The Veil full movie review - A promising premise that, ultimately, fails to deliver.
25 years (not 30 as the synopsis claims) after the mass suicide of a quasi-religious cult led by the charismatic Jim Jacobs, the sole survivor, Sarah (Lily Rabe) reluctantly a
grees to revisit the remote house/church where the tragic events unfolded, accompanied by a documentary film crew led by Maggie (Jessica Alba).
It soon transpires that Alba's character has a personal agenda for making the film - her father was the FBI man who led a raid on the cult's HQ and, for reasons I won't go into, subsequently committed suicide. Her desire to get to the bottom of what drove her father to kill himself is mirrored by Sarah's need to understand why she alone survived the mass suicide. Throw in some decent, naturalistic acting and we're off to a good start. Sadly, this is where things start to go south.
On their first night at the house, one of the crew is so terrified by something he's seen that he takes off in their van and is discovered dead behind the wheel having apparently driven at speed into a tree. Rather than pack up there and then, Maggie insists on seeing the project through to its conclusion and, at this point, we descend into standard, seen-it-all-before horror.
Despite the fact that they have set up camp at what is effectively a major crime scene there are several film reels lying around that steadily reveal what Jacobs (Thomas Jane) and his acolytes were up to in the weeks leading up to their deaths. Why they were never removed as evidence is left unexplained as it would get in the way of the story. As the remaining crew go through the tapes one-by-one we discover that Jacobs was a foaming at the mouth, Waco-level wacko who was inducing his own death and subsequently being brought back to life after penetrating the three 'veils' of some higher consciousness, apparently represented by the three nails that held Jesus to the cross.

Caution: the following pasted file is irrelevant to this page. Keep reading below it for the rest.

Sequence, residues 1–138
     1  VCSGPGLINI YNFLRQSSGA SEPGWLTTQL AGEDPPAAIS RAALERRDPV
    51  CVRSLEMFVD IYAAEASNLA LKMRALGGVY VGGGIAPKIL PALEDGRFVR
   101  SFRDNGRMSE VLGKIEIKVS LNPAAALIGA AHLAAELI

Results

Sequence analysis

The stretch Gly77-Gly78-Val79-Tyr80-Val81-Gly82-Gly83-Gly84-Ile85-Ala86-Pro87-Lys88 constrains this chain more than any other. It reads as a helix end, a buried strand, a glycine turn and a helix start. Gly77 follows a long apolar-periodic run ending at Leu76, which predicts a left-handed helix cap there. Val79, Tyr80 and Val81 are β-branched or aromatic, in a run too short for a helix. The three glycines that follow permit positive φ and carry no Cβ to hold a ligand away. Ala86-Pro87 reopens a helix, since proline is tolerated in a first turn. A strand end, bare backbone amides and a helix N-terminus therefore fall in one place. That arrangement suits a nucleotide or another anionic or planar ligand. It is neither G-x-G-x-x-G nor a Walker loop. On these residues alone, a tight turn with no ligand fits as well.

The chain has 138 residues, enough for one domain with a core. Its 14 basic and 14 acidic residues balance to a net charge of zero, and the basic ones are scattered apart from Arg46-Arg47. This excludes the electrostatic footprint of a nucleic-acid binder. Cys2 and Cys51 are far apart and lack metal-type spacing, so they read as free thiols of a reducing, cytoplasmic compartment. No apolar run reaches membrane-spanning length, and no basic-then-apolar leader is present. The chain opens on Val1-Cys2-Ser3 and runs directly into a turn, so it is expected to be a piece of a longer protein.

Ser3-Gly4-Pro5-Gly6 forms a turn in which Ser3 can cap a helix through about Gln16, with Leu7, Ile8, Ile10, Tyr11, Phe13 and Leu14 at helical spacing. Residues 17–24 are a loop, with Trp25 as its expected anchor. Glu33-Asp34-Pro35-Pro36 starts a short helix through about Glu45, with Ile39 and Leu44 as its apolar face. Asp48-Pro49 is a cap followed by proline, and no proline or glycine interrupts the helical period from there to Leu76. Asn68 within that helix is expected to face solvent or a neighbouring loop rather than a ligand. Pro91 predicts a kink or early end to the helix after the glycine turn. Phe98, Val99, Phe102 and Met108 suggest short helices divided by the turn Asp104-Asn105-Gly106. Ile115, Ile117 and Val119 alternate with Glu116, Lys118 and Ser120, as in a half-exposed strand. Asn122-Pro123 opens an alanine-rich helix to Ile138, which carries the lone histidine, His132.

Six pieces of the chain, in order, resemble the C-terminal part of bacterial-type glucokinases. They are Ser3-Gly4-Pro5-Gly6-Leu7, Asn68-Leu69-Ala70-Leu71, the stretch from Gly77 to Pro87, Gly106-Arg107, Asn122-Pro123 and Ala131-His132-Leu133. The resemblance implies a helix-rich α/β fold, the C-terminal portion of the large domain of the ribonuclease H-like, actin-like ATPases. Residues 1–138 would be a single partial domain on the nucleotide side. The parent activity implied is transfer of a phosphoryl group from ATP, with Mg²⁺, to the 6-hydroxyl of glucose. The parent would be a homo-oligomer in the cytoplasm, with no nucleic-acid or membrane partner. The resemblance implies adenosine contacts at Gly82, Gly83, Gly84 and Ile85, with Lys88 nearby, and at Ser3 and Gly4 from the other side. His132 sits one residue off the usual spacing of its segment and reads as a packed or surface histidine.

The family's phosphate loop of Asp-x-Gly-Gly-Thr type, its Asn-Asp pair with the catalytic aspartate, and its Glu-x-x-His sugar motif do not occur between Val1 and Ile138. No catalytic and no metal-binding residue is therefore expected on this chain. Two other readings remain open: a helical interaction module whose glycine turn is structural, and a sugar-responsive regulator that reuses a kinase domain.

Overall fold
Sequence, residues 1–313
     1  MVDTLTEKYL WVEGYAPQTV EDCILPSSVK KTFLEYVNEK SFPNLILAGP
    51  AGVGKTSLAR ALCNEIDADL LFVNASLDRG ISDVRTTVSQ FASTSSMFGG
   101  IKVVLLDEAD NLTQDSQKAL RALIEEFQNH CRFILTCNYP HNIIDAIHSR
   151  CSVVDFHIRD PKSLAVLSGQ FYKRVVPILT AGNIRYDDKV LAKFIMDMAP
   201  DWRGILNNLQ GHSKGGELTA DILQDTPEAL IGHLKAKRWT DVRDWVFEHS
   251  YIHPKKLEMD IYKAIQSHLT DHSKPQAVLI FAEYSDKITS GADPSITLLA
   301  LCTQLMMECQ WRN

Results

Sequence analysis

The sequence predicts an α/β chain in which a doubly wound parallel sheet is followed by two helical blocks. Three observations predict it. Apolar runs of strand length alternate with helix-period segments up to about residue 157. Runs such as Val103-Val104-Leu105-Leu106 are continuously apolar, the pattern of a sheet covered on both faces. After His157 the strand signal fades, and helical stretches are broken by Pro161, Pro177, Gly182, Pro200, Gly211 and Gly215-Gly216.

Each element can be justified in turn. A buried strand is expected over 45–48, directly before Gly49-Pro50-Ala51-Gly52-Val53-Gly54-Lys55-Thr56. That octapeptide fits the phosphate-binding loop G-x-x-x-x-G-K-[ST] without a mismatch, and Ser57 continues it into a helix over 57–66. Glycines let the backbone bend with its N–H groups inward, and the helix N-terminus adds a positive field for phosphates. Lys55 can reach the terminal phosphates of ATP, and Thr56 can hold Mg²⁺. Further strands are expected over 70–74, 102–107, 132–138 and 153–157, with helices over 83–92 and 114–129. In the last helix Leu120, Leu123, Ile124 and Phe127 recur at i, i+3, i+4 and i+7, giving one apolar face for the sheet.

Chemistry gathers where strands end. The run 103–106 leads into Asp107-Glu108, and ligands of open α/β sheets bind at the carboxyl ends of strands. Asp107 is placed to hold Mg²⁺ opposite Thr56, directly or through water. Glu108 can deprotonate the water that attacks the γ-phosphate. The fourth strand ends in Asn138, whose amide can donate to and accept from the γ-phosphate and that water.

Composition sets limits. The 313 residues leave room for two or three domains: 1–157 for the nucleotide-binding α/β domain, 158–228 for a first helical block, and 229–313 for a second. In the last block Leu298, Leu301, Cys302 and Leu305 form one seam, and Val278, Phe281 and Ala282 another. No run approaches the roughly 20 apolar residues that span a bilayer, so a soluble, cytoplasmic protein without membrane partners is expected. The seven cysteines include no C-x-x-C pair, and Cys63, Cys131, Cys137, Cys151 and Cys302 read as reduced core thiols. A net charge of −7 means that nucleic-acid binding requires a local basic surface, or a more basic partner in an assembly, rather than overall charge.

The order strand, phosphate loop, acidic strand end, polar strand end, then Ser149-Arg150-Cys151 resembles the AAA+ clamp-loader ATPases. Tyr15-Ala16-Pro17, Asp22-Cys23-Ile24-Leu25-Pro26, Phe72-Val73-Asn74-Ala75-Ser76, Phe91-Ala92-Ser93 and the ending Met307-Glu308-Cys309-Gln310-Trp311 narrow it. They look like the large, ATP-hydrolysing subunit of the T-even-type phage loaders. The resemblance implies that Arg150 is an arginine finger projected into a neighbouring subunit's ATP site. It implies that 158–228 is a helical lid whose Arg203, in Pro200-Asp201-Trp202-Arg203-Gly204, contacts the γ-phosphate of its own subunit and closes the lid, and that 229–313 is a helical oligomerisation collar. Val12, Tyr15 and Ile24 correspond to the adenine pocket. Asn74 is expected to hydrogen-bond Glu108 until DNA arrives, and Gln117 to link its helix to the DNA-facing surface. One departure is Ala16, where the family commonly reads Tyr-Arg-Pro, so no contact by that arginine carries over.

As each of the tapes is viewed Maggie's crew is picked off one-by-one until only Maggie and Sarah are left. At this point we realise that Sarah isn't quite what she first appeared and has lured Maggie and her crew to the house so that the spirits of Jacobs and his acolytes could take their revenge on Maggie for her father's sins and also give them a new 'host' body allowing them to return to earth in human form and execute their plan of building an army of immortals to take over the world. So much for the plot.
Technically, the film is well-enough executed with the mood and atmosphere creepy enough to keep you on edge as you await each shock moment. The acting is solid with the exception of Thomas Jane who, by the end of it, comes across like Billy Graham on crystal meth. He's a better actor than this and any blame for his caricature of a performance should be aimed at the director rather than Jane himself. The stand-out performer, in my opinion, was Lily Rabe who, as she did in American Horror Story, effortlessly moves from vulnerable to outright creepy with equal believability. Strangely enough, Jessica Alba - the lead - turns in such a low-key performance that she seemed to get lost in the proceedings for long periods of time. So much so that it was easy to forget that this was supposed to be Maggie's story.
In an overcrowded genre, it's difficult to bring anything new to the table. When I read the premise I had high hopes for The Veil but it's rapid descent into the formulaic was disappointing. That said, it had its moments and would by no means be the worst horror film I've ever seen.